ICP ® : Integrated Circuit Piezoelectric : see IEPE below.

IEC : International Electrotechnical Commission

IEPE : Integrated Electronic Piezoelectric : Accelerometers - with built-in electronics, also known as ICP or Integrated Circuit Piezoelectric
The built-in electronic preamplifier transforms the high impedance charge output of the sensor into a low impedance voltage signal that can be transmitted over longer distances.

This technique is widely used under other trade names: ICP ®, Deltatron ®, Piezotron ®, etc.

Immission Level : a descriptor for
Sound Exposure, in
decibels, representing the total
Sound Energy incident on the ear over a specified period of time.

Impact : short duration noise(s), usually associated in acoustics with an object in motion hitting another object.

Impact Sound : the sound produced by the collision of two solid objects. Typical sources are footsteps, dropped objects, etc., on an interior surface (wall, floor, or ceiling) of a building.

Impact Testing : a method of measuring the frequency response function of a structure by hitting it with a calibrated Impact Hammer and measuring the system's response. The instrumented impact hammer has a transducer to measure the input force pulse while the response is typically measured using an accelerometer. The impact imparts a force pulse that excites the structure over a broad frequency range.

Impulse : in acoustics, events with a very short duration, see the various definitions below.

Impulse Response : the way a device responds to an impulse. For example, the Reverberation of a room can also be thought of as its impulse response. A great deal of information about a device can be determined by it's impulse response. The frequency response, phase response, and transient response are all tied to this specification,.

Impulse Weighted Average Sound Level : Lleq : used in Germany as defined by DIN 45641 : 3 dB Exchange Rate.

Impulsive Noise :
1 ) a single or multiple sound pressure peak(s) with a rise time less than 200 milliseconds or total duration less than 200 milliseconds.
2 ) or generally speaking, a noise which manifests itself as a succession of distinct pulses or transients.

Incoherent Sources : Sound levels resulting from different sound sources as opposed to a Coherent Source.

Infrasound : sound whose frequency is below the low-frequency limit of audible sound (about 16 Hz).

Initial Time Delay : ITD : the gap in time between the arrival of direct sound and the first sound reflected from a surface of the room to the listener.

Insertion Loss : the sound level reduction at a given location due to the insertion of a noise control device, expressed in decibels. The difference, in decibels, between the Sound Pressure Level before and after the effect of a sound-attenuating device.

Instantaneous : existing or measured at a particular instance, for example measurement of Instantaneous Particle Velocity as opposed to the
Effective (RMS - Root Mean Squared) or the Peak levels.

Integer : an exact (whole) number, no fractions or decimals points. For example 1, 2, 5, -5, 0 but not 1.25, 3/4. 0.75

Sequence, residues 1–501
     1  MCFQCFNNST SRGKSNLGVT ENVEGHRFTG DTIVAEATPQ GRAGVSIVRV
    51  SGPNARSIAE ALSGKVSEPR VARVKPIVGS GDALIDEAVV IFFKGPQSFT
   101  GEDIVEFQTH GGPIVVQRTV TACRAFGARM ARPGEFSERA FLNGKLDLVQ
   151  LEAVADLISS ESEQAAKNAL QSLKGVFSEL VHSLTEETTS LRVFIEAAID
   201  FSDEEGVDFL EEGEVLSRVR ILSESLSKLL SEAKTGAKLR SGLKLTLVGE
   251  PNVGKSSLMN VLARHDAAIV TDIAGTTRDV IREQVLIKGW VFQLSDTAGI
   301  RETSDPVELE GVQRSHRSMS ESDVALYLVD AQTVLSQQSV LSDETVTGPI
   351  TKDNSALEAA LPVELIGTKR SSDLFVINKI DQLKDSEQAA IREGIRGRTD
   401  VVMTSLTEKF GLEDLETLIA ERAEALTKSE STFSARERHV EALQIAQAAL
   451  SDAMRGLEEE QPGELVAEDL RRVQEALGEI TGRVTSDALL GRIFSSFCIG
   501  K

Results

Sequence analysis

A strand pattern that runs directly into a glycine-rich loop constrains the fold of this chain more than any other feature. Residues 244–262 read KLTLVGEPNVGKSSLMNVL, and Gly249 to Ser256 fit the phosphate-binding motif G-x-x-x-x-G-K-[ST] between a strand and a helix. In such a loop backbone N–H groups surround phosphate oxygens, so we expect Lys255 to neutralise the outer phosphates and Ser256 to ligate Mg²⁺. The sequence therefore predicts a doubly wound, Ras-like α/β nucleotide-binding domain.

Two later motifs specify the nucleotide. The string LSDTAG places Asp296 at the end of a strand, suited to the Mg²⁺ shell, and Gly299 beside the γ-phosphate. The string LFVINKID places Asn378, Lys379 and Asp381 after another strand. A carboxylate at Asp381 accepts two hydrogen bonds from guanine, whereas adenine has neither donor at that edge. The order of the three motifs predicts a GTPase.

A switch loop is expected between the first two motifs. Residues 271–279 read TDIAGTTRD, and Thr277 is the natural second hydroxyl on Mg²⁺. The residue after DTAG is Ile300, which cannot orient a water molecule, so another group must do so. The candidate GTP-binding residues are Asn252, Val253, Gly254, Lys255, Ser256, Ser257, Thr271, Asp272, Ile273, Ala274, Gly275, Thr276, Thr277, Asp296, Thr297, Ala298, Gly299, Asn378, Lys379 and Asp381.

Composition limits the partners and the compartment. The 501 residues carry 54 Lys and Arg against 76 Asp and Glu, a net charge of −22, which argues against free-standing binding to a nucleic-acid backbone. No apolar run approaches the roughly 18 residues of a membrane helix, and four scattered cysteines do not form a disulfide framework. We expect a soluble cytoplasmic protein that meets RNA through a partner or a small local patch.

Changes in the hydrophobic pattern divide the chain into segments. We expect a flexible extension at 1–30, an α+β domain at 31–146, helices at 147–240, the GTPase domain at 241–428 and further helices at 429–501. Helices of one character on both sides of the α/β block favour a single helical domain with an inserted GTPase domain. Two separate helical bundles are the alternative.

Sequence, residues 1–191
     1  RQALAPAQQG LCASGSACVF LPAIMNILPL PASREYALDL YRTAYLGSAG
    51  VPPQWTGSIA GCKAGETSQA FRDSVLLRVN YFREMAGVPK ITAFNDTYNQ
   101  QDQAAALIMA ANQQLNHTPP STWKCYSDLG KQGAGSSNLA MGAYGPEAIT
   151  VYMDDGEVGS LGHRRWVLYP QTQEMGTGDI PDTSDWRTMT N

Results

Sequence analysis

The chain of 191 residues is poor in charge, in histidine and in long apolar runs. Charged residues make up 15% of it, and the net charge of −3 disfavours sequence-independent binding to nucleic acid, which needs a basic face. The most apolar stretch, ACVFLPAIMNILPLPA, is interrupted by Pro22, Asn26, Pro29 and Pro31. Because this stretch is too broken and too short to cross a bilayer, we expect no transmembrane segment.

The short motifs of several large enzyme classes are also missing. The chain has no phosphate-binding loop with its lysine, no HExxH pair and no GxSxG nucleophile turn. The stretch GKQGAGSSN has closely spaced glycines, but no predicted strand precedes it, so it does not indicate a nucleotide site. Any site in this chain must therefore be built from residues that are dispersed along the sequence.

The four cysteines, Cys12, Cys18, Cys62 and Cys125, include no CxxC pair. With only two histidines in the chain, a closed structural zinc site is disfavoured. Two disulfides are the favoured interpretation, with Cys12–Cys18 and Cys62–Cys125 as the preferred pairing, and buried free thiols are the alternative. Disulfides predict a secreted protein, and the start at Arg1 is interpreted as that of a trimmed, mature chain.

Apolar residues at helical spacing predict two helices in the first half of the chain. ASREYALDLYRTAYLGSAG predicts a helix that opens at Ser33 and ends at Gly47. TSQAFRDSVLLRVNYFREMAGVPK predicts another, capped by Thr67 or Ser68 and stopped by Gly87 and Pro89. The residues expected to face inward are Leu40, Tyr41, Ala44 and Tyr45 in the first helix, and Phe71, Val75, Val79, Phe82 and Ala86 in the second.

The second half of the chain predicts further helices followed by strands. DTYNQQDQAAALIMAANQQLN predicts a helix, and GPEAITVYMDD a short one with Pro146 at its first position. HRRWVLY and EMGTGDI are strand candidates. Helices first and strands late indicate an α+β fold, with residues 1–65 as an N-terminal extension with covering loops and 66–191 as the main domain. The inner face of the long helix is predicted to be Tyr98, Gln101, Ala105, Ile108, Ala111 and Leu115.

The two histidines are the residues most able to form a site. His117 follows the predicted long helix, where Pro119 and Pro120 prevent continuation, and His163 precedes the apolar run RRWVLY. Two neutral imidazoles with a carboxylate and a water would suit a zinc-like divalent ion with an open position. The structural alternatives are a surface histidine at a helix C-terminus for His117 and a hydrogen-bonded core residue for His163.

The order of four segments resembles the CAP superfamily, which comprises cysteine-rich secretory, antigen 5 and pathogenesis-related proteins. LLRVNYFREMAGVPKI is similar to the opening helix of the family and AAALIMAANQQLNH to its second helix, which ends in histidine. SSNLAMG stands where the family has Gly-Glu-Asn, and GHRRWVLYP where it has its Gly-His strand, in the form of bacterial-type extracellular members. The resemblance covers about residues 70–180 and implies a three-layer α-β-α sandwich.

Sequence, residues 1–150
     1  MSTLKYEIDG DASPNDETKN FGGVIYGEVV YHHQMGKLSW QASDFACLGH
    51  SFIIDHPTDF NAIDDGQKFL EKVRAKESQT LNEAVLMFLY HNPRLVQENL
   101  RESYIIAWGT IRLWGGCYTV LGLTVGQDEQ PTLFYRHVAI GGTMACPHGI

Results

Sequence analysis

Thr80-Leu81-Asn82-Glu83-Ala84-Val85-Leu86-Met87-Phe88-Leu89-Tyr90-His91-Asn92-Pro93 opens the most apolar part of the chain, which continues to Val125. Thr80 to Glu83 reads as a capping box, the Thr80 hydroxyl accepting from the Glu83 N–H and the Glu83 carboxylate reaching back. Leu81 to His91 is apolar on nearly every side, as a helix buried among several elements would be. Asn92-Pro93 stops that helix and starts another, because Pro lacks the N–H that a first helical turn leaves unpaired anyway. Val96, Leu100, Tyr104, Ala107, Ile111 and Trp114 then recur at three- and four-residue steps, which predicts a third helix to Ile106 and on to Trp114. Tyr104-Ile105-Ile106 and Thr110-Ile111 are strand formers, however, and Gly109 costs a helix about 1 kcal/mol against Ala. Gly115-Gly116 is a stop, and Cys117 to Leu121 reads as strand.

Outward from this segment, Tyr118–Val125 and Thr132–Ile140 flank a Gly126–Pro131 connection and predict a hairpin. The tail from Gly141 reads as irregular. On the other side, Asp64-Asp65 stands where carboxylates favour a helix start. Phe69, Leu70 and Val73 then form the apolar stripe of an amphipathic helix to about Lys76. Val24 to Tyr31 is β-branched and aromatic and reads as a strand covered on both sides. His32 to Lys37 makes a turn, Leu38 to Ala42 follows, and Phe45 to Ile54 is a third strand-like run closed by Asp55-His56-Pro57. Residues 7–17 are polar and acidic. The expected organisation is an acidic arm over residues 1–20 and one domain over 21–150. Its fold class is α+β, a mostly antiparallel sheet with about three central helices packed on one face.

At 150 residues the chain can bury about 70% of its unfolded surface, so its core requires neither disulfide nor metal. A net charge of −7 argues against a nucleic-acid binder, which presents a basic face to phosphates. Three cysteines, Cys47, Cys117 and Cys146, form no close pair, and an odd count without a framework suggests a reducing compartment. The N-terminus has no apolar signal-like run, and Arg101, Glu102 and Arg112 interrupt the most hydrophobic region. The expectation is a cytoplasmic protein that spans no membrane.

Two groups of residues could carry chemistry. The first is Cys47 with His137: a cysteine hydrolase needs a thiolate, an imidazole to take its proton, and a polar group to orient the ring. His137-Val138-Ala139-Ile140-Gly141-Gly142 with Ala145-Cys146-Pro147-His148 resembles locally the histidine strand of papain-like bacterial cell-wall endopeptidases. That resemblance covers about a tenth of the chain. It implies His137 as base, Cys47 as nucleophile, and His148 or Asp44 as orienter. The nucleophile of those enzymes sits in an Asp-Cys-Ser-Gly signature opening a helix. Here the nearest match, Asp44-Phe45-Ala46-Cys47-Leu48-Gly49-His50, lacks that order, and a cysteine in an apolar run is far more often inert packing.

Integrated Circuit Piezoelectric and Integrated Electronic Piezoelectric : under IEPE.

Integrating (of an instrument) : indicating the mean value or total sum of a measured quantity.

Integrating Sound Level Meter : more correctly known as the Integrating-averaging Sound Level Meter or commonly known as the Leq Meter.

Integration - Vibration : will convert an Acceleration signal into a Velocity signal, or a velocity signal into a Displacement signal. For this reason, an Accelerometer is the transducer of choice because Velocity and Displacement can be so easily derived from its output.

An vibration integrator is basically a low-pass filter with 6 dB or 12 dB per Octave attenuation. Analogue integrators are only accurate over a discrete frequency range.

Integrator : an electrical frequency filter used to convert a vibratory acceleration signal to one whose amplitude is proportional to velocity or displacement.

Inverse Square Law : when Sound Power radiates from a point source, the power is distributed over larger and larger spherical surfaces as the distance from the source increases.
Since the surface area of a sphere of radius r is A = 4·π·r^{2}, then the intensity I (power per unit area) of radiation at distance r is I = P/A = P/(4·π·r^{2})
Therefore the energy or intensity decreases (divided by 4) as the distance r is doubled. Measured in dB it decreases by 6 dB per doubling of distance.

Inverse Direct Law : measuring Sound Pressure Levels is more common in the practical world and the sound level decreases by 50% every time the distances is doubled.
However we know that intensity I ∝ p^{2} so the 6 dB rule still applies. Strictly speaking this is not Inverse Square but Inverse Proportional and is known as Inverse Direct Law.

Isotropic : is derived from Isotropy i.e. uniform in all directions. In acoustics it is sometimes used to describe noise sources like loudspeakers arrange in a Dodecahedron format to give uniform sound output levels in all directions.

ITD : Initial Time Delay : the gap in time between the arrival of direct sound and the first sound reflected from a surface of the room to the listener.